Tangent Circles


Larousse Charlot


When two circles are tangent, they share a common point.  For instance, consider the circles A and B.

Suppose that we wish to find a circle C that is tangent to both of these circles.  In order to so, we pick two arbitrary points, one on circle A and on circle B.  Then construct the radius of circle A and a line through the center of B and its arbitrary point.  Build a circle by the radius of circle A with center at the arbitrary point of B, then build a triangle of the two intercepts points of the line and the built circle and the center of circle A.  It is depicted as follows:



From there, find the median of the segment of AL2 , assuming the intercepts points refer to as L1 and L2.


The intersection of the line of circle B and perpendicular of segment AL2 is the locus of the two circles A and B.  That locus is also the center of the circle that is tangent to both A and B.  So, we obtain the following


With the locus, circle A and circle B are equidistant of the locus, regardless of were the circles are moved, which is by the way the meaning of a locus.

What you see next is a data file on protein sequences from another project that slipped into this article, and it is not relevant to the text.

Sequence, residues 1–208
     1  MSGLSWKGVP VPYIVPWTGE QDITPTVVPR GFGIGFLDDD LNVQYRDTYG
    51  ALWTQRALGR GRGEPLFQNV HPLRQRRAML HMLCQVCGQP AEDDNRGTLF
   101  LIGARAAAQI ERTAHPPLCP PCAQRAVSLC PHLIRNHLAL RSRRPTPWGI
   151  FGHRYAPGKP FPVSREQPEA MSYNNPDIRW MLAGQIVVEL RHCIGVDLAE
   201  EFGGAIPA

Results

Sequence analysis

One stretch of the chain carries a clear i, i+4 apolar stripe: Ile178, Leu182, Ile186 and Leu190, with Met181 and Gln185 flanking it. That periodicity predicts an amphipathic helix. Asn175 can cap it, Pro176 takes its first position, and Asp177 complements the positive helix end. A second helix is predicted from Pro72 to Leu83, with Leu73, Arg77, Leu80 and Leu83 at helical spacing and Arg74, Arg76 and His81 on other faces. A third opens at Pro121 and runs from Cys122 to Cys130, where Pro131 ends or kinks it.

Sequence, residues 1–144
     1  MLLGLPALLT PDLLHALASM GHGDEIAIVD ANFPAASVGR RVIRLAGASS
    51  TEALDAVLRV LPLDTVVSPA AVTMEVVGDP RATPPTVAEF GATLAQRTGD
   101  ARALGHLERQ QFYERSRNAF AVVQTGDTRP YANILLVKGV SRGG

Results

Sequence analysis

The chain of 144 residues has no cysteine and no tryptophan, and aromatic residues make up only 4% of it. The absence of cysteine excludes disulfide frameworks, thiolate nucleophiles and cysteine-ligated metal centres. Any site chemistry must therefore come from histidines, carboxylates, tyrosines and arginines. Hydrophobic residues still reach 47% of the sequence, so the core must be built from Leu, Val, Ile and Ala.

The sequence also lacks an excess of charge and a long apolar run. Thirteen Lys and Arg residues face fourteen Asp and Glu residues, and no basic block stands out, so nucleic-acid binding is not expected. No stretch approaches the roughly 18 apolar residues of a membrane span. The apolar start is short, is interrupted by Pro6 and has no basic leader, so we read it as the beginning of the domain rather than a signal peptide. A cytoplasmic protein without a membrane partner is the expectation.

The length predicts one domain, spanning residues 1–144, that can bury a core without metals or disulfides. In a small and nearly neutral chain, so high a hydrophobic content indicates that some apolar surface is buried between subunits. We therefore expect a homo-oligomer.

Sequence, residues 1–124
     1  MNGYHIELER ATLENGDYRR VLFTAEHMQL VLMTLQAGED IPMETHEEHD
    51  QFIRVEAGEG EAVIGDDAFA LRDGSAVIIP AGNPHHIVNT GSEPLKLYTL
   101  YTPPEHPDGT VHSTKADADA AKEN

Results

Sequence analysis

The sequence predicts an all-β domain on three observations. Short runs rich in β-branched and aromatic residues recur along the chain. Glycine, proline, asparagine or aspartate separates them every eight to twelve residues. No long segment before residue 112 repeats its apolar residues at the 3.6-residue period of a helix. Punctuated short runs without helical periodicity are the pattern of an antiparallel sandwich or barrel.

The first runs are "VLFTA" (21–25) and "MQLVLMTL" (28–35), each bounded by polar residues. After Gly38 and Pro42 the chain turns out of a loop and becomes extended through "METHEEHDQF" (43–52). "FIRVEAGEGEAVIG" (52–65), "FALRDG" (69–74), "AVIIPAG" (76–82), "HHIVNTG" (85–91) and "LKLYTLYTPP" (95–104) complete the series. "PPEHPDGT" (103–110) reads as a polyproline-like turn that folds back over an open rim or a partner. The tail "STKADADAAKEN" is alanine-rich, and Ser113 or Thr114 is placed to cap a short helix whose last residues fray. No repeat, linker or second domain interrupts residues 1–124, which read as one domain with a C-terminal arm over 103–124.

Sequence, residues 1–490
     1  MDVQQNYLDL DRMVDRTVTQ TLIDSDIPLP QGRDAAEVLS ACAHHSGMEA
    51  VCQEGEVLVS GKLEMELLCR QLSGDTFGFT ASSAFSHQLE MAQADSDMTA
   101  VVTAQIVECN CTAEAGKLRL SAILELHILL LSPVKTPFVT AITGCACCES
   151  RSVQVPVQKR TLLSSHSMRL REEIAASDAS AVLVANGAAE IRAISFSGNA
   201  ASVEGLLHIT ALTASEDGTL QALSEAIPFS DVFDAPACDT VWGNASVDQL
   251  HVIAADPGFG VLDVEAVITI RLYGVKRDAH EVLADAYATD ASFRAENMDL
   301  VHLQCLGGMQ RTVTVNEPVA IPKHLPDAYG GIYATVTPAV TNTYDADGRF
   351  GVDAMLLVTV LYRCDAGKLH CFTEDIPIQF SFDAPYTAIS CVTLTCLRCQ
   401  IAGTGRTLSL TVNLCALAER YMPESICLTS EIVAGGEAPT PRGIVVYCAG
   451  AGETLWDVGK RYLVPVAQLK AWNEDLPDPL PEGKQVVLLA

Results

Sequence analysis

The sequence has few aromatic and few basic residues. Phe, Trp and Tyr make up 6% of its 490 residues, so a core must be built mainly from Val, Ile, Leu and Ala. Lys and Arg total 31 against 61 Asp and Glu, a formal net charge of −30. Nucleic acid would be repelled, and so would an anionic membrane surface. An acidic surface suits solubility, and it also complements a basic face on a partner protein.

If observe the above figure, you might notice that the locus is located on the line of the centers of circles A and B.  The reason for that is because any line tangent to a circle is perpendicular to the circle’s radius. For example, consider a line K tangent to a circle C.

If the same thing happens with a circle, the radii would have to meet at the tangent point.  It is depicted as follow

Here, the line K is tangent to both circles.  Therefore the circles are tangent to each other.  Since, the centers of the circles are equidistant from the tangent point, the tangent point is the locus of the two circles by definition.

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